I’m a stats geek. I’m not afraid to say it out loud (or write it on the page). Though I hate math, I love numbers when it comes to sports.
My fondest memories of newspapers when I was a kid was running downstairs in the morning to gather the Calgary Herald from the doorstep. I would pour myself a bowl of Frosted Flakes and start pouring over the previous night’s NHL numbers.
Though I might have watched the Calgary Flames game on television or even live at the Saddledome the night before, it was vital I find out that Pekka Rautakallio got the second assist on Jim Peplinski’s goal. Or that Pat Riggin faced 34 shots to earn the shutout.
It wasn’t only the Calgary Flames. In 1982, I could tell you exactly how many wins the New York Islanders had (54) and how many losses the Hartford Whalers racked up (41). I watched the season scoring leaders compile their points on a daily basis for six months until Wayne Gretzky finally put up 212 to lead the league and the Washington Capital’s Dennis Maruk recorded 136 to finish fourth.
It didn’t occur to me at the time, but I was observing the details of hockey history unfold on a daily basis. I was an obsessed 14-year-old whose parents probably wished I put that much effort into understanding how trigonometry worked.
What made watching sports so special for kids like me was there was constantly evolving measuring sticks. All-time records for both teams and individuals continue to fascinate me. Watching current NHL players eclipse marks from the 1980s brings back memories and is still exciting.
As I said off the top, I’m a wee bit weird.
Though my passion for stats has faded somewhat with age (and less free time), I still find myself delving into NHL and Major League Baseball numbers on the internet. I can get lost for hours scratching out information that’s basically useless in everyday life.
In the last couple of months, my passion for stats has turned inward to the Nelson Star.
On Super Bowl Sunday afternoon, the Nelson Star Facebook page recorded its 1,000th “like” (thank you Rochelle Erin Pearson). And like Lanny McDonald’s 1,000th career point (recorded as an assist on March 7, 1989 in a 9-5 Calgary Flames victory over the Winnipeg Jets), it’s a significant milestone for the paper.
For those of you who don’t know what a “like” on Facebook is (yes mom, this means you), here is what it’s all about. Individuals on Facebook have friends. Some have hundreds and maybe thousands of friends. I have a modest 262. Then there are Facebook pages for special interests, movies, music acts, newspapers and almost anything else you can imagine. If somebody “likes” your page, they follow the feed of information you post on a regular basis.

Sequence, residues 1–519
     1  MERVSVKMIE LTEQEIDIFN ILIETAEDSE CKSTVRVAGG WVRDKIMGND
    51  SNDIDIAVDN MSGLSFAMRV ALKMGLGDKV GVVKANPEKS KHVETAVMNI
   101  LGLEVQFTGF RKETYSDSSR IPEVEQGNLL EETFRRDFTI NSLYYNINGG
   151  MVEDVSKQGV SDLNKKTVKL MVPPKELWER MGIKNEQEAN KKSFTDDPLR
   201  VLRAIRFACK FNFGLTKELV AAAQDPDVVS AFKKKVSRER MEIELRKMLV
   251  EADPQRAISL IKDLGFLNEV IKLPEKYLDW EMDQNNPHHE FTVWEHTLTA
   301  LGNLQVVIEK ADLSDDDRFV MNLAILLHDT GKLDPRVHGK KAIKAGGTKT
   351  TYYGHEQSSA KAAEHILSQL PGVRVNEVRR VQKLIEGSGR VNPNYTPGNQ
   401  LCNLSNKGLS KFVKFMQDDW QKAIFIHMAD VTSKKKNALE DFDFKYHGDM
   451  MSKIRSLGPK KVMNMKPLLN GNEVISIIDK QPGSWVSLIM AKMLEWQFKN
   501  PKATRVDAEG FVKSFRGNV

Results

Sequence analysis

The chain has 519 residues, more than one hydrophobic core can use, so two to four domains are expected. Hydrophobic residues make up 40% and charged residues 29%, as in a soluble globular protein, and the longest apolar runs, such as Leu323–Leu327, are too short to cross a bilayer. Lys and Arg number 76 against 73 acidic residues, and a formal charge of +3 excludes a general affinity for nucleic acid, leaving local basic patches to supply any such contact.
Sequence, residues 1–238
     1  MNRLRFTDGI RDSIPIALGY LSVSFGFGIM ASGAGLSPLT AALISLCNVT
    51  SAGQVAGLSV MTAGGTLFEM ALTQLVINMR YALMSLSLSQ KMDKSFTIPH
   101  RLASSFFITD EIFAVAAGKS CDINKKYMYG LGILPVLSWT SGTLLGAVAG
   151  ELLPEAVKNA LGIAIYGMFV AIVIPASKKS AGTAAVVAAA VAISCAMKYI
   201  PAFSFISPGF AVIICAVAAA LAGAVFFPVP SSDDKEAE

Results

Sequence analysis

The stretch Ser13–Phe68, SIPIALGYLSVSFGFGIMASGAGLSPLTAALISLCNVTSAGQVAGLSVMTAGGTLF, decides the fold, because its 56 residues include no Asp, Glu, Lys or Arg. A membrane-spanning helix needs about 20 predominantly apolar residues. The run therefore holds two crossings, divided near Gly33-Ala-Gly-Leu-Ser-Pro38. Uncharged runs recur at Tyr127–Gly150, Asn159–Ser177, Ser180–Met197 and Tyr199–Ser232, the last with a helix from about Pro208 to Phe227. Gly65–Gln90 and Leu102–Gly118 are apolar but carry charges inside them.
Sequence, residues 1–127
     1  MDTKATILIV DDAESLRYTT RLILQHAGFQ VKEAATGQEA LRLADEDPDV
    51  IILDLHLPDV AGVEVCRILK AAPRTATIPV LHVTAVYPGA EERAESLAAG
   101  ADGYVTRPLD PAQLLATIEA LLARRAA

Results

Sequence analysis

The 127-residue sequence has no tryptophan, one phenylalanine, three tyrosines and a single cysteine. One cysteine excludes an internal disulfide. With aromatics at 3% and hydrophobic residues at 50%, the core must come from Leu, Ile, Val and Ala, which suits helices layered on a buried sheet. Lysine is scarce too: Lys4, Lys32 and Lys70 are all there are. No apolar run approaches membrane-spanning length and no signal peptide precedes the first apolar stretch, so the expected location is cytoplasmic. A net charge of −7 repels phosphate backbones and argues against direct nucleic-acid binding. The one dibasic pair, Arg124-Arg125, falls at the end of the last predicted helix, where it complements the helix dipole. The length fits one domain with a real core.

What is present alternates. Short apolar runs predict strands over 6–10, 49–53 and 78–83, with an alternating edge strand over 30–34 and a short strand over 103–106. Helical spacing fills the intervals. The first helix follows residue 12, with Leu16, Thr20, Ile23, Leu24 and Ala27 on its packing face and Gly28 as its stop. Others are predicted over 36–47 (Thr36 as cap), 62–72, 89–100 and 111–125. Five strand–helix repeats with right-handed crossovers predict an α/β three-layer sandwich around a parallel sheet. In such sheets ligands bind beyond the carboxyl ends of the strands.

Here in the Nelson Star News Loft, we are most proud of the print product we deliver to your door twice a week. But in this brave new world of media, it’s important for us to dive fully into the on-line world of communication. It offers opportunity for both readers and providers of information.
What’s gratifying about our website (nelsonstar.com) and our Facebook page is that we have an ability to see what stories are being read and what stories people are responding to on a daily basis. Anything with “police” is a guarantee to lead the stats in numbers of reads, but we often find gems that people respond to as well. Features on interesting local characters, quirky bits we dig up and political turmoil often show strong in the daily numbers report we receive from Google Analytics. Having this information at our fingertips helps us put a priority on stories we know people are interested in reading.
Getting likes on Facebook just doesn’t happen. It takes work by our entire team to feed the on-line fire. And when you compare our little newspapers to others in our Black Press family and competitors around the province, we’re doing much better than average. That’s something we’re proud of and we thank the community for its tremendous support.
I might be a stats nerd, but I’m also competitive. I want this newspaper — both online and in print — to be the best it can be. Having statistical measuring sticks helps fuel the competition within in the media industry.
Like Lanny McDonald, we’re thrilled to hit the 1,000 mark. When I was a kid I thought Lanny was immortal, but he was mortal and retired from the NHL shortly after hitting 1,000 (he ended up with 1,006 in his career).
We are far from retiring.
Wayne Gretzky amassed an incredible 2,857 points in 1,487 games. So in the spirit of the greatest hockey player to have laced them up, the next Nelson Star Facebook goal is 2,857. Lofty yes, but I’m confident this community can pick up the assists and help us hit it.
Find us on Facebook by searching “Nelson Star News.”